Pat Howard will leave Cricket Australia after next year's Ashes as the exodus from head office continues after this year's ball-tampering scandal.
The governing body is adamant Howard's departure is not linked to the twin reviews into the game to be released on Monday however industry sources have indicated the reports commissioned after the events in South Africa are unlikely to reflect favourably on CA's head of team performance.
Pulling stumps: Pat Howard will step down as Cricket Australia’s team performance boss after the 2019 Ashes.Credit:Anthony Johnson
Chairman David Peever is now the last figurehead remaining following the suspensions handed to on-field leaders Steve Smith and David Warner and the resignations of coach Darren Lehmann and long-serving chief executive James Sutherland.
The reappointment of Peever as chairman is due to be ratified at the annual general meeting in Melbourne on Thursday, while the inquiries into CA culture by The Ethics Centre and the national men's team by Rick McCosker will be released on Monday.
Eyebrows have been raised within Australian cricket about the timing of the release, with some stakeholders believing it has been designed to ensure Peever is reappointed before any adverse reaction from the reports.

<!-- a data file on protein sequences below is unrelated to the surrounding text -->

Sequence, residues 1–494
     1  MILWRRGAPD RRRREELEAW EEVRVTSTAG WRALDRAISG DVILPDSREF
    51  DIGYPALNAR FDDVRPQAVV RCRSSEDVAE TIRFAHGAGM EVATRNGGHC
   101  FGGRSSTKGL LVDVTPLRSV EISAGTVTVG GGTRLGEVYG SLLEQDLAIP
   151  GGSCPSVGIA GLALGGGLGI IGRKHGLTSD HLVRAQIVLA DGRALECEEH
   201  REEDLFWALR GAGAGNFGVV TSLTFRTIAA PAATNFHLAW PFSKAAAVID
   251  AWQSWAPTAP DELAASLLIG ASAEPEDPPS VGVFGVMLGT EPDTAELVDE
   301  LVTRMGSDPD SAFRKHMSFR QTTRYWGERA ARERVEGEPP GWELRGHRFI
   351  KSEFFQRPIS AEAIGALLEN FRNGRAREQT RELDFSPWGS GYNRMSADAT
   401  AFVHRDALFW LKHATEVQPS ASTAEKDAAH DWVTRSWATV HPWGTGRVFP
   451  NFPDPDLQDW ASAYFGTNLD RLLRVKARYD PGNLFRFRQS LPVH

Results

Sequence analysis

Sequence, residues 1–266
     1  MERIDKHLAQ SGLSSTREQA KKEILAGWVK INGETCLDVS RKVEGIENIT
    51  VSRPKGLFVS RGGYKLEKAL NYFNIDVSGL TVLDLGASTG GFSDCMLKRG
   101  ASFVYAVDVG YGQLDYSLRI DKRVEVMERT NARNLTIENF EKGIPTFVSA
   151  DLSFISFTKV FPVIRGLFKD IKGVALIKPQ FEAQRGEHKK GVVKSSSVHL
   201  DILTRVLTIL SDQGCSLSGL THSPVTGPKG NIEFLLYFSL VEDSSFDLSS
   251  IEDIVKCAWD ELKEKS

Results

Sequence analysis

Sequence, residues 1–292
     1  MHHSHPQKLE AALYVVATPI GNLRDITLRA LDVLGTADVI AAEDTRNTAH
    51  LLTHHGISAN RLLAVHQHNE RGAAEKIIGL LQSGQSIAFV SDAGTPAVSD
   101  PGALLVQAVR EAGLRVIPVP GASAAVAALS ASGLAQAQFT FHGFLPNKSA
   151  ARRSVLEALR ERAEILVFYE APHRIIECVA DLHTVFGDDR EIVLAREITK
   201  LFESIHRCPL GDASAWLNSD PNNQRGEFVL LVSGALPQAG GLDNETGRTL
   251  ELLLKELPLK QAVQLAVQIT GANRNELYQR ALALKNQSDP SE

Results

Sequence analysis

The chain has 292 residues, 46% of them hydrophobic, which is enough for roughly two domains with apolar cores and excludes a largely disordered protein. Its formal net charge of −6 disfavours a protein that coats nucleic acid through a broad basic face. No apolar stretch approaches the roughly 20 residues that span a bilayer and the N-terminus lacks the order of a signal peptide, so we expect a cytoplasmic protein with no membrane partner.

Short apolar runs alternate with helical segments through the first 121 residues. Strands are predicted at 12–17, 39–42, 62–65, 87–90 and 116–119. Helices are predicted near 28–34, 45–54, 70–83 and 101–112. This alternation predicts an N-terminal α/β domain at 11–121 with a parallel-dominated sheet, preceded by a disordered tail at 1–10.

Howard, who was signed a two-year extension in May last year, has flagged privately to players and staff of his intentions to step down after his contract expires next year.
"Pat had previously indicated that he would not be seeking contract renewal beyond the end of the 2019 Ashes series, when his contract was due to conclude," a CA spokesperson said.
"The decision is his own and is no way connected to the reviews to be released on Monday. A recruitment process will be decided and announced in due course, but there is plenty of time for this to be considered."
Howard has been one of the most controversial figures in the game since his appointment as CA's head of team performance, a position created after the Argus review in 2011.
The win-at-all-costs culture in the national men's team under Howard is expected to form a key component of the reviews.
CA's high-performance program has come under scrutiny during Howard's tenure, with many critical of the emphasis placed on potential over performance.
State players have been upset by moves – such as the use of Dukes balls in the Shield, the introduction of a carnival-style one-day tournament, and the new Shield points system – which they believe have devalued Australia's domestic competitions.
Howard has also been a central figure in several controversies, including homework-gate in India 2013 and last year's pay dispute. He has also presided over tenures of two national coaches in Mickey Arthur and Lehmann.
Arthur was sensationally dumped on the eve of the 2013 Ashes after the decay in the team's performance and culture.
However, Australia have also enjoyed several highs on his watch, most notably the 2013-14 Ashes whitewash and the successful World Cup campaign on home soil in 2015.
His background as a former Wallaby rather than an ex-cricketer irked traditionalists in the game but he has been highly rated by Sutherland and the CA board.
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